The North Dakota Senate expects a big crowd this week when it discusses several gun-rights bills, and for good reason.
One measure to be considered would allow a concealed-carry permit holder to carry a gun at public gatherings, schools and churches if officials from those locations allow it and the proper law enforcement agencies are notified. Another measure would allow people to have a gun in public during a declared state of emergency, and give gun owners the right to sue if the government tries to confiscate weapons or ammunition during the emergency. The bills have already been passed by the House.
The number of concealed weapons permits in North Dakota has quadrupled in the past 10 years, to a total of more than 22,000. The State Bureau of Criminal Investigation reports it issued 12,614 concealed carry permits in 2012, a dramatic jump from the 5,634 issued in 2011.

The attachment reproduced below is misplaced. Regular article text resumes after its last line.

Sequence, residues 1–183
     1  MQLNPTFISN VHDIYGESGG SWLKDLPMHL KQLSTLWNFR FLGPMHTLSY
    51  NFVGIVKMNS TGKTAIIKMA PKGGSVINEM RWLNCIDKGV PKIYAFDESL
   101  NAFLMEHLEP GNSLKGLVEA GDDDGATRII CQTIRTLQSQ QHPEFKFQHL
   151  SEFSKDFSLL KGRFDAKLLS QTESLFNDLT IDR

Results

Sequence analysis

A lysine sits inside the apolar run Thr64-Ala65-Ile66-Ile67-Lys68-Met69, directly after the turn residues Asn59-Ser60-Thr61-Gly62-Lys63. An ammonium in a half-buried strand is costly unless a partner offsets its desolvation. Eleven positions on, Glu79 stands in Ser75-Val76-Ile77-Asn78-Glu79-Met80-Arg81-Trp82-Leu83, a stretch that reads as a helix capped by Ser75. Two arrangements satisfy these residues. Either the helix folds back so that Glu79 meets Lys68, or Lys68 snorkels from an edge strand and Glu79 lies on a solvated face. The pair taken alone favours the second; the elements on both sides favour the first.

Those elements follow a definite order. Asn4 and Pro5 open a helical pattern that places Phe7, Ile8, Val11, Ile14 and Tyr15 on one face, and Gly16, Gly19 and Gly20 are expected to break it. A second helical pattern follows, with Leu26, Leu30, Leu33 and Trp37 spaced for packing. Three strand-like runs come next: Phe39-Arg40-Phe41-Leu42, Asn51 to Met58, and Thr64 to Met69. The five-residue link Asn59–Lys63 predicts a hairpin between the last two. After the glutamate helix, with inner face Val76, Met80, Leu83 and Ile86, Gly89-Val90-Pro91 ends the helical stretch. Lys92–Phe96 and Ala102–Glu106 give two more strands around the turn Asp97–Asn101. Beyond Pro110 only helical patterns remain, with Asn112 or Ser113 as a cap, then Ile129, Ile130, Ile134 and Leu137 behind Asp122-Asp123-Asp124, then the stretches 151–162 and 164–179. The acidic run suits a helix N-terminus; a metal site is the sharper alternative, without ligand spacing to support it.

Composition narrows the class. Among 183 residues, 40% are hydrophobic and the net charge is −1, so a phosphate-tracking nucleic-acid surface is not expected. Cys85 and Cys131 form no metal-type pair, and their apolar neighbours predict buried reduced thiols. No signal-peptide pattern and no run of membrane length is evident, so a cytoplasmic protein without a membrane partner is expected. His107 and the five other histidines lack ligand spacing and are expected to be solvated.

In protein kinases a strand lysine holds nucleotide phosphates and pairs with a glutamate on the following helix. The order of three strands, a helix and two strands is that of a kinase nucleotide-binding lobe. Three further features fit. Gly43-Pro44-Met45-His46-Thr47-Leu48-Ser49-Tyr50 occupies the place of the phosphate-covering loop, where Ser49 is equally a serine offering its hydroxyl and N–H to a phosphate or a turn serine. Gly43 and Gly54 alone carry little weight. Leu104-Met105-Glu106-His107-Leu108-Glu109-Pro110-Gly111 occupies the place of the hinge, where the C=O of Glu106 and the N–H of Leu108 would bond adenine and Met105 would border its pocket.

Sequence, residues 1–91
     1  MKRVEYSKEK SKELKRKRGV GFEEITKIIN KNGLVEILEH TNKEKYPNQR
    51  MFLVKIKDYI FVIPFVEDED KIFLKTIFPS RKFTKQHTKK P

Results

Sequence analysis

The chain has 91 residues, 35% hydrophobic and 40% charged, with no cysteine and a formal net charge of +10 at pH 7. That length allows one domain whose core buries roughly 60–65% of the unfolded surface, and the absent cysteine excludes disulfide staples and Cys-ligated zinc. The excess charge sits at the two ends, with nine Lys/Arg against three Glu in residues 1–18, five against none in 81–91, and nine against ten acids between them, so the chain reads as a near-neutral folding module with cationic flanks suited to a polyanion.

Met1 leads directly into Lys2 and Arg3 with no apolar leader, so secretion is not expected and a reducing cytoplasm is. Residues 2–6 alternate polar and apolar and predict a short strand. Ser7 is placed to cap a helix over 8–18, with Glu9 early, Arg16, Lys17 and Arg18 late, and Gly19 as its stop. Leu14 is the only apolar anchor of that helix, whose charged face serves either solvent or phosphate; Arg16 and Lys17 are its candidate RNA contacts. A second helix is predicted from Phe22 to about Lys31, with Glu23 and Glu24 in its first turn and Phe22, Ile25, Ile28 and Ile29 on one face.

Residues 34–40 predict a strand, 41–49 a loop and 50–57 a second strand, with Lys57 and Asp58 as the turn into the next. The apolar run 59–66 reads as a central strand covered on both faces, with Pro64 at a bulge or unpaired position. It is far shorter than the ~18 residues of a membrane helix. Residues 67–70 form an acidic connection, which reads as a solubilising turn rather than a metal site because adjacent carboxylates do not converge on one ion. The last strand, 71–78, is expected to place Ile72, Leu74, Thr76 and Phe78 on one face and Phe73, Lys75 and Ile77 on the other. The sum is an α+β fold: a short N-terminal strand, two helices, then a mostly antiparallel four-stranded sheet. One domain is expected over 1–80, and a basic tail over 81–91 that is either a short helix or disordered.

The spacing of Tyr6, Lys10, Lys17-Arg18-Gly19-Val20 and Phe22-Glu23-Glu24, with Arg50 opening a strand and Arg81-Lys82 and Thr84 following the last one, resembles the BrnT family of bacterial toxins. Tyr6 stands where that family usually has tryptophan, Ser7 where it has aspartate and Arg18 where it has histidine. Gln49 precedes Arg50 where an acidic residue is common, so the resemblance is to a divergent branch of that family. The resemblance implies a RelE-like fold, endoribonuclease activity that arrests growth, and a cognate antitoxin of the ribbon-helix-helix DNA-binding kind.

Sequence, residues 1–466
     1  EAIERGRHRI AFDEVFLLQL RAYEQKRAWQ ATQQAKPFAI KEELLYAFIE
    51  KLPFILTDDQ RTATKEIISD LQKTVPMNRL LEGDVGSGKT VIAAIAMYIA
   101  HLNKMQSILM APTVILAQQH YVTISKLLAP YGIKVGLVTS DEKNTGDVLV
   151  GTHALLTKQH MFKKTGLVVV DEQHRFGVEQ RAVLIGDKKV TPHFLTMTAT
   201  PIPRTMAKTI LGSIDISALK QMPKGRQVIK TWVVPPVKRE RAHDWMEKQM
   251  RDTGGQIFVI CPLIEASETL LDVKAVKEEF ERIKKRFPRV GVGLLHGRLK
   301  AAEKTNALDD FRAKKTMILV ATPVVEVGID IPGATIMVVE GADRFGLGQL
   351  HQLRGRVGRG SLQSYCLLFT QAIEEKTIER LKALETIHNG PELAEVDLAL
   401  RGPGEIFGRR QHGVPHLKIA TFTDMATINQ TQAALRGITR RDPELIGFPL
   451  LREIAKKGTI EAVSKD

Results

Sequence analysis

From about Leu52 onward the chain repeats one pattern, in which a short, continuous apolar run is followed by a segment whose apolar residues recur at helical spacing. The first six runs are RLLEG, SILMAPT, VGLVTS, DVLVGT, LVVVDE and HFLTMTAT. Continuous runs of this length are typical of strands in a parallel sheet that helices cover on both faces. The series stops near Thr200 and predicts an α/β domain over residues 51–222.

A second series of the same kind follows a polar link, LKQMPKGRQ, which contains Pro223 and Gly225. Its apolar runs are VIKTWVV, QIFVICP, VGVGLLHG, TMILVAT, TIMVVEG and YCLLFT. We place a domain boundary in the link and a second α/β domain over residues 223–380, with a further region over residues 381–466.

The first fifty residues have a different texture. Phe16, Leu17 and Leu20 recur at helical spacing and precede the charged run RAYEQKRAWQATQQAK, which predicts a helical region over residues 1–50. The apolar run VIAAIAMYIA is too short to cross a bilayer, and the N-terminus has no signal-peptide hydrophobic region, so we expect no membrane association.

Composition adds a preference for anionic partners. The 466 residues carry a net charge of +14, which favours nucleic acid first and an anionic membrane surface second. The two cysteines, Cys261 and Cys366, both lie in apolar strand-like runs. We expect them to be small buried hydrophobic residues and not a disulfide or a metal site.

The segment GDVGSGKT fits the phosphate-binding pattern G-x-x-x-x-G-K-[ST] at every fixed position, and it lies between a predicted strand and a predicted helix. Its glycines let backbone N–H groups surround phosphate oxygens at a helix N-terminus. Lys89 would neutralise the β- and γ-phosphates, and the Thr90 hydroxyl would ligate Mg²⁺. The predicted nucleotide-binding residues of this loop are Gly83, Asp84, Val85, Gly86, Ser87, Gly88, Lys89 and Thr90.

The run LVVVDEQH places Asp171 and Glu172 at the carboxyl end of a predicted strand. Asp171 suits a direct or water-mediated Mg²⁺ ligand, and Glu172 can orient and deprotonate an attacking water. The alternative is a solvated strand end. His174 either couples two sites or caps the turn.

Legislation allowing concealed weapons in schools with permission also includes another issue:?School boards would be able to discuss in secret whether to approve requests to carry concealed weapons, rather than having that discussion during an open meeting. That's unacceptable in a state that prides itself on having a history of strong open record and open meeting laws. The public has the right to know if a public school approves or rejects a policy allowing concealed weapons on school property. Even if the bill is approved, the language allowing discussion in secret should be removed.
As the state and its residents contend with exploding population growth and the accompanying change in crime rates, gun rights are going to continue to be hot topics at the Legislature. We look forward to the debate this week in?Bismarck.